Like many companies in the region, United Arab Emirates-based Gulf Pharmaceutical Industries has set itself a clear, ambitious target – to grow revenue to 2 billion UAE dirhams ($544.6 million) by 2020.

On the basis of its 2017 figures, it looks like an ambitious target. The company, which is better known as Julphar, reported revenue of 1.27 billion dirhams last year, which will mean it requires a growth rate of about 20 percent per year to hit its target by the end of 2020.

At the same time, last year’s revenue was actually 12.4 percent lower than the 1.45 billion achieved in the prior year, which the company blamed on a number of one-off factors including currency headwinds, foreign exchange shortages, politically instability in some markets and price cuts. Net profit was also 55 percent lower at 94.9 million dirhams.

First quarter results for 2018 released earlier this month showed a continued decline – revenue was 21 percent lower year-on-year at 290.7 million dirhams and profit fell 56 percent to 18.4 million dirhams.

So what happened? Jerome Carle, who joined Julphar in January last year as chief financial officer before quickly being promoted to acting general manger within two months and then general manger by August, said “2017 was challenging for the industry”.


Julphar general manager Jerome Carle says the company will begin commercial sales of products from its new Saudi Arabian facility in the third quarter of 2018. Image supplied by Julphar

Currency challenges

Speaking to Zawya in an interview at the company’s Dubai Healthcare City office earlier this month, Carle, who was previously an executive at French pharma giant Sanofi, said that the company had suffered from the impact of currency devaluations in Egypt, Tunisia and Algeria.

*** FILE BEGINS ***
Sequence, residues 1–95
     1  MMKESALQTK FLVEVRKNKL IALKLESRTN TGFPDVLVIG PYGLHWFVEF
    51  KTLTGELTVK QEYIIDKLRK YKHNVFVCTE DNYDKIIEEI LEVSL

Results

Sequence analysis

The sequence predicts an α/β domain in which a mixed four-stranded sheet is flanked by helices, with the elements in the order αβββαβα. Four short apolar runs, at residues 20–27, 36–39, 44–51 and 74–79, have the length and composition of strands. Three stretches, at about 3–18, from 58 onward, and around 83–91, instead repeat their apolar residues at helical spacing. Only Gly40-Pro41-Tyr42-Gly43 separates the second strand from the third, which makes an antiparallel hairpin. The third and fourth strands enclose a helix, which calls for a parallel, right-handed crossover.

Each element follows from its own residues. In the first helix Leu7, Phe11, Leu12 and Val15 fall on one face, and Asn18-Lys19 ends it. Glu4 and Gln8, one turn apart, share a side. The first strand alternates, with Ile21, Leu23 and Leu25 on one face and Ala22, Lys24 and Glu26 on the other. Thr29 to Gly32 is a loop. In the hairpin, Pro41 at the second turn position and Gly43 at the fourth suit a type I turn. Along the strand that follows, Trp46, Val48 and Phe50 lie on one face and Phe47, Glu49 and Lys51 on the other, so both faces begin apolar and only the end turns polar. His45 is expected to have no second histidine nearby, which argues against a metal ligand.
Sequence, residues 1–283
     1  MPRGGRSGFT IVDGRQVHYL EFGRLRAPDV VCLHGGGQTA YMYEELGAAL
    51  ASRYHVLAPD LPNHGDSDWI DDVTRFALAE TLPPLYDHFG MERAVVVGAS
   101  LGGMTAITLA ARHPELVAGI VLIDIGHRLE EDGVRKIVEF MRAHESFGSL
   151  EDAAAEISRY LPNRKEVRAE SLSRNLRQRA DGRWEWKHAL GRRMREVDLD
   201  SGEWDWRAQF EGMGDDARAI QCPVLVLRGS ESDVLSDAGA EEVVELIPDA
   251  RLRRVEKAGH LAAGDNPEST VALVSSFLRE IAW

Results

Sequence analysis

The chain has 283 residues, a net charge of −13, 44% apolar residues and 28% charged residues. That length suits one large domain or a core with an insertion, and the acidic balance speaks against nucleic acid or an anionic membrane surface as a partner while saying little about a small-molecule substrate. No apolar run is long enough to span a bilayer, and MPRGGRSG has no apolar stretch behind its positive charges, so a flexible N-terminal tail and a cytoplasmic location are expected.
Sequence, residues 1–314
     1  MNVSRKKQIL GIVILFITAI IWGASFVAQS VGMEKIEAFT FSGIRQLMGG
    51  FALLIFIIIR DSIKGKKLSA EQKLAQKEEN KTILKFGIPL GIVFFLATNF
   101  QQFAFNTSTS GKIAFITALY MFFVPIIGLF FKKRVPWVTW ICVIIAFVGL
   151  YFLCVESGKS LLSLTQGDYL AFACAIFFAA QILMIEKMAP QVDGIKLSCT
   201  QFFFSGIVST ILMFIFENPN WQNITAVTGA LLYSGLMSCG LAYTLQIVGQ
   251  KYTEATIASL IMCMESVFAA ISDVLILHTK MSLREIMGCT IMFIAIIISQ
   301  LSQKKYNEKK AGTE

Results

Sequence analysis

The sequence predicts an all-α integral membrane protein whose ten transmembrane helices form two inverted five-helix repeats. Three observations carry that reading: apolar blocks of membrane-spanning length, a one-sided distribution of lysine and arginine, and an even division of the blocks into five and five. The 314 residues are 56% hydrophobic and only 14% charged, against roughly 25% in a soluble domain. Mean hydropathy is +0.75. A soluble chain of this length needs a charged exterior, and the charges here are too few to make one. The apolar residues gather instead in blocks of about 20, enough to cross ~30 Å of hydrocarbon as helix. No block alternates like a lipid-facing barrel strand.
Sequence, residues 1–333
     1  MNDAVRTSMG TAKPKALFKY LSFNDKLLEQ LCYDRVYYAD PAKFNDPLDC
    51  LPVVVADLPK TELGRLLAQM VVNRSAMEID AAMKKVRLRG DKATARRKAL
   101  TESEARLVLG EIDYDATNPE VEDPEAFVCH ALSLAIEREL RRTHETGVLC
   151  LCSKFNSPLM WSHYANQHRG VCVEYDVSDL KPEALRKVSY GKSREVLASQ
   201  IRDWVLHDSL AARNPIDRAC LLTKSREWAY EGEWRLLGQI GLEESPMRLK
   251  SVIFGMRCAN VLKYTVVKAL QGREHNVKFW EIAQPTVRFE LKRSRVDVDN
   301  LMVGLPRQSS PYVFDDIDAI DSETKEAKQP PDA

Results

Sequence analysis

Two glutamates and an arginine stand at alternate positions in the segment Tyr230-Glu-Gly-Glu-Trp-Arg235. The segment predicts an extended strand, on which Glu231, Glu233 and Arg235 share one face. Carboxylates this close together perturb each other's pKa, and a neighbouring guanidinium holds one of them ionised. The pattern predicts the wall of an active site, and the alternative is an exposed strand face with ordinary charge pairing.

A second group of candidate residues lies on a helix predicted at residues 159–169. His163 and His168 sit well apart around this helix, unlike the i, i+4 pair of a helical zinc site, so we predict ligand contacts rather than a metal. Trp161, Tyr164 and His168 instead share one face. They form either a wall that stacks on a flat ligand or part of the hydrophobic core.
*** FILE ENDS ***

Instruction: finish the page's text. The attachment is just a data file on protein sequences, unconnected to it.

“There's been also political instability - as you know the situation in Syria and Yemen is very difficult and we have also faced some restriction in terms of importation license(s) in Ethiopia, Algeria and in other markets,” he said.

Despite this, Carle said he expects “very good improvements” to the firm’s performance this year, citing new investments, product launches and geographic diversification as the three main factors that would drive growth.

Julphar has been manufacturing pharmaceuticals from its Ras Al Khaimah base since its formation in 1980. It employs more than 2,000 people across 12 factories in the northern emirate, as well as plants in Ethiopia and Bangladesh. It also took full control of Gulf Inject – a Dubai-based company providing injectable saline solutions  to hospitals – last year.

The company now has more than 4,000 registered products, which it sells into more than 50 countries. About 80 percent of its sales are through generic drug products, but the company also has a diabetics division producing insulin crystals and a ‘Life’ division making consumer healthcare products for pain relief, allergies and other common ailments.

It is planning to launch 25 new products in the UAE this year, Carle said, and to register 200 new products across the region. These will all be launched over the next three years.

It has also begun testing at a 300 million Saudi riyal ($80 million) manufacturing facility at King Abdullah Economic City. Although construction work at the plant – a joint venture with its Saudi distributor, Cighala – completed last year, it was only recently certified and approved by Saudi authorities in the first quarter of this year.